On Thursday morning, 1,500 teachers, members of the National Education Union, began the first of six days of strike action to defend their pensions. Counterfire members report from the picket lines
Newcastle High School for Girls - Tony Dowling
At the Newcastle High School for Girls the well attended picket was joined by NEU president Daniel Kebede, Regional Secretary Beth Farhat and Newcastle district secretary Shaun Dunlop.
Speaking at the picket Daniel said:
“The employer intends to fire and rehire them and employ them on lesser conditions, take them out of the Teachers Pension Scheme. Fire and rehire has no place in a democratic society. Its the thin end of the wedge - if they take their pensions they’ll go for academies next and then they’ll be after local authorities after that.”
The Girls’ Day School Trust (GDST) proposes to remove its teaching staff at these independent schools from the Teachers’ Pension Scheme. If this were to go ahead, teachers will be at least 20% worse off on average in terms of the annual amount they receive in pension payments. The Trust has been unable and unwilling to demonstrate any financial imperative for this decision. What is in the public domain shows Trust finances to be in good health.
This attack by the GDST on teachers is both unnecessary and simply adds further to the cost of living crisis being suffered by workers across the country. Like many other workers, teachers' salaries are in real-terms decline and exacerbated by soaring inflation, rising interest rates and the fuel and energy price hikes, so this outrageous ‘fire and rehire’ practice by employers needs to be fought.
That’s why Kay Gray, NEU rep at the Newcastle Girls School has agreed to join the People’s Assembly ‘Cost of Living Crisis’ rally in Newcastle on Saturday where we will be joining the dozens of similar demos and rallies around the country to build a movement that tells the Tory government that we refuse to pay for their crisis.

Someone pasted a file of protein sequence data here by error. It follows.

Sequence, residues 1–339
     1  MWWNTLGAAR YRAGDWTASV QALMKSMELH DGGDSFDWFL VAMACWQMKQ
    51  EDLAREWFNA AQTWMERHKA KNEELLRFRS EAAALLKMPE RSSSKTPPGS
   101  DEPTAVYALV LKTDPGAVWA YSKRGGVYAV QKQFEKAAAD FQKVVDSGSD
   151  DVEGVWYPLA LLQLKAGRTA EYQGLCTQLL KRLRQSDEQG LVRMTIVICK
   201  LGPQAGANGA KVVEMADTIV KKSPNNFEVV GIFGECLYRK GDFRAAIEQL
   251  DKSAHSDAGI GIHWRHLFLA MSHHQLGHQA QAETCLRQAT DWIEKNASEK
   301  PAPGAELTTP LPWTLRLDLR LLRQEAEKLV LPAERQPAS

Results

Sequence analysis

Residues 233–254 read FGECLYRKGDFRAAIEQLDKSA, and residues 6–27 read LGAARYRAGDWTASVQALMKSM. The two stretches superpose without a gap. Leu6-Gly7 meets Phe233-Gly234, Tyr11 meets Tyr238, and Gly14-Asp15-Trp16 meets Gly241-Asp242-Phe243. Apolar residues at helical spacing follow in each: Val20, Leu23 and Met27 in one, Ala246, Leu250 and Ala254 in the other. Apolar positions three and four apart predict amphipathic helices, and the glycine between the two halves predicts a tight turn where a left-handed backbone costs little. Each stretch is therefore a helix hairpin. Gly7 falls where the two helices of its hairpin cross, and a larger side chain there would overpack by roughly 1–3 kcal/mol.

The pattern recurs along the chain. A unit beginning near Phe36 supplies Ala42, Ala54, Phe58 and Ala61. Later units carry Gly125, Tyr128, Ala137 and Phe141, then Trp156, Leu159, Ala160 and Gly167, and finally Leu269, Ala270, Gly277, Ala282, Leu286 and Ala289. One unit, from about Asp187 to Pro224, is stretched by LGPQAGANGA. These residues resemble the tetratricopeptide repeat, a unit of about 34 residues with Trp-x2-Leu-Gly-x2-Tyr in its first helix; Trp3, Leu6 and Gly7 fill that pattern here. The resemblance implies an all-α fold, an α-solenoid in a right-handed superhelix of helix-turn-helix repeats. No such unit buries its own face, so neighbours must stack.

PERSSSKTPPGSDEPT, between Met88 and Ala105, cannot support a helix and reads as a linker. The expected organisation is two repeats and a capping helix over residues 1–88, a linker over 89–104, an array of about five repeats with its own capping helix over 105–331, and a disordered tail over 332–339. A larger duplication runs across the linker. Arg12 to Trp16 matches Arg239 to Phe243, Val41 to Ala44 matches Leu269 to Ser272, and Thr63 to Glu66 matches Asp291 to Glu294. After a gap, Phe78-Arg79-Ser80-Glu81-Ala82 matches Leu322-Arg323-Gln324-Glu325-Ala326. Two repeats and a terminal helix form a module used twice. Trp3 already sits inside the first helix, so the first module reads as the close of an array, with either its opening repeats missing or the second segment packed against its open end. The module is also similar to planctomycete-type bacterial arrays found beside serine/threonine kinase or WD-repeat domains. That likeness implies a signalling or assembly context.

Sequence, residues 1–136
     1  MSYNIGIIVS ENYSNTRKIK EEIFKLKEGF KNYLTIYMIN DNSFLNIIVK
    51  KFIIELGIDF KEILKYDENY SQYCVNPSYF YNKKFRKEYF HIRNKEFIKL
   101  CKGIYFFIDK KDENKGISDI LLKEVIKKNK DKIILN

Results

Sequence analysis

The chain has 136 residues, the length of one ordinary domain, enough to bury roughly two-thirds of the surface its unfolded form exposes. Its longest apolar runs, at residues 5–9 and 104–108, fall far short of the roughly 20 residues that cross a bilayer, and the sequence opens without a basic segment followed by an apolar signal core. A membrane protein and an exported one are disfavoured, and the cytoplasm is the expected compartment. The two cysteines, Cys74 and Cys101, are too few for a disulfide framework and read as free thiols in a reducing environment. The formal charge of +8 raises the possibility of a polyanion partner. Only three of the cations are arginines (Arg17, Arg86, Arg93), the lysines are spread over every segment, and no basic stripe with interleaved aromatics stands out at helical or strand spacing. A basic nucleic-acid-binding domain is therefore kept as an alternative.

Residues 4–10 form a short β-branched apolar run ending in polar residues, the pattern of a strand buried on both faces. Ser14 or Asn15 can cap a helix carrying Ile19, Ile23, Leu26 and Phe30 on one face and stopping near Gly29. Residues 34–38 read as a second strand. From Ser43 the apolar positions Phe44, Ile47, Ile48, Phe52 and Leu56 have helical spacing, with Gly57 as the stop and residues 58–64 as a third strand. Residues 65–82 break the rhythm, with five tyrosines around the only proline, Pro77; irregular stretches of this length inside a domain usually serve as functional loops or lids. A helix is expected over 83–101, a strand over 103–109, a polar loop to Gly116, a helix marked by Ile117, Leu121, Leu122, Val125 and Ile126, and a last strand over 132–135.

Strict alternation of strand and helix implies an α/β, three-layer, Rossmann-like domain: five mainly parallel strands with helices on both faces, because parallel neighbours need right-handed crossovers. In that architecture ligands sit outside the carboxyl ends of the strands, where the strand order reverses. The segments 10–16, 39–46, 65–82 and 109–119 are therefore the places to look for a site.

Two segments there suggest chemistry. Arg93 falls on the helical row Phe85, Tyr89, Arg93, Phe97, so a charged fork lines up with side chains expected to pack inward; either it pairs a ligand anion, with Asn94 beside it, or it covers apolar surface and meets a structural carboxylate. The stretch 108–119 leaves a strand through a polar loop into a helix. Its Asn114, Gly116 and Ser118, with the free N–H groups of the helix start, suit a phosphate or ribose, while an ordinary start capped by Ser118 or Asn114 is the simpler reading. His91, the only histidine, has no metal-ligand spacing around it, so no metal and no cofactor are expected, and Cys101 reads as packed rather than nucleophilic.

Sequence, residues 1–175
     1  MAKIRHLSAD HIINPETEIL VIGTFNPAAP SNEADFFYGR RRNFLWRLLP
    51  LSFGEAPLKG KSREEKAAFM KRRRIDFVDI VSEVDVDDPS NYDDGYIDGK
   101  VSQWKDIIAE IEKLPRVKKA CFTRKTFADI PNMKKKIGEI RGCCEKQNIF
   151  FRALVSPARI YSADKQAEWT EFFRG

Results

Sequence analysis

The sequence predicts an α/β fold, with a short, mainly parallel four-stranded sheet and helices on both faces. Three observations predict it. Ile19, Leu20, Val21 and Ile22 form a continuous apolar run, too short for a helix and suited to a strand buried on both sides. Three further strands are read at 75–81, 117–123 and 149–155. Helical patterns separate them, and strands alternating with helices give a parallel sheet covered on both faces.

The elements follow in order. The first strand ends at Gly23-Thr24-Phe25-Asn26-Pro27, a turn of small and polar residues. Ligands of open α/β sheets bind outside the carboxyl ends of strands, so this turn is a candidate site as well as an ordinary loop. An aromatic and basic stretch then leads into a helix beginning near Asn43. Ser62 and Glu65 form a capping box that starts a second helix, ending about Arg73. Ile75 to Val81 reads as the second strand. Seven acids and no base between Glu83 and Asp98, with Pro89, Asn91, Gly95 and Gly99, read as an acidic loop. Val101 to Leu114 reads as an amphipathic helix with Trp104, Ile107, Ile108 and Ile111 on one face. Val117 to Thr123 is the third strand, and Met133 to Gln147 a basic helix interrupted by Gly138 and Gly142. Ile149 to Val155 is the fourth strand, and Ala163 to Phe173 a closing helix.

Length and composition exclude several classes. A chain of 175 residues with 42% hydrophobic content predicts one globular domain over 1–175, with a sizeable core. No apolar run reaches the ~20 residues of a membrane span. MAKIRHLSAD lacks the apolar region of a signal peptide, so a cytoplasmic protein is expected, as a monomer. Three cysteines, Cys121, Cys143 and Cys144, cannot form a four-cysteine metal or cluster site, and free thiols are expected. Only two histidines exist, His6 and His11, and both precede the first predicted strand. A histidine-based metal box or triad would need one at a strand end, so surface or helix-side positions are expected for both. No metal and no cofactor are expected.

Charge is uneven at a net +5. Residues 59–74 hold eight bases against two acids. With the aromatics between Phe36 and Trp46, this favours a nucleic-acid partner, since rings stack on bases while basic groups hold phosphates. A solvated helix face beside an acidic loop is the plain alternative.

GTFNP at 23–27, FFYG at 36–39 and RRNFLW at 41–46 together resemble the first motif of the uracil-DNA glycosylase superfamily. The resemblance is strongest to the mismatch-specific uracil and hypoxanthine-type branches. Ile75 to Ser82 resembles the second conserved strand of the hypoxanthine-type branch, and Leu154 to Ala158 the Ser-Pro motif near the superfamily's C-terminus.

South Hampstead High School - Orlando Hill
Seven o’clock in the morning, the sun had yet to rise and the picket line in front of the main gate of South Hempstead High School in north London was blooming with bright coloured balloons. You can tell it is a teachers’ strike from the well-drawn colourful placards. The school is part of the Girls Day School Trust (GDST) whose teachers are striking in defence of their pension scheme.
The atmosphere was uplifting and confident. The headteacher came out for a chat with the teachers and asked the NEU not to tie their banner to the school’s railings. Students arrived, some with their violin cases on their back. Despite 35 teachers having agreed to lay down their pens, the senior leadership team decided to keep the school opened. Parents dropping the kids off showed support. One shouted out “go for it!”
The main problem that the teachers faced is what to do with so many teachers on the picket line. The picket line was split into smaller groups and sent to the other entrances and some teachers had to take off their yellow high-vis jackets and become supporters.
As I rode off on my bicycle one of the teachers in the picket line shouted “happy revolution.”
Streatham and Clapham High School - Ben Tunstall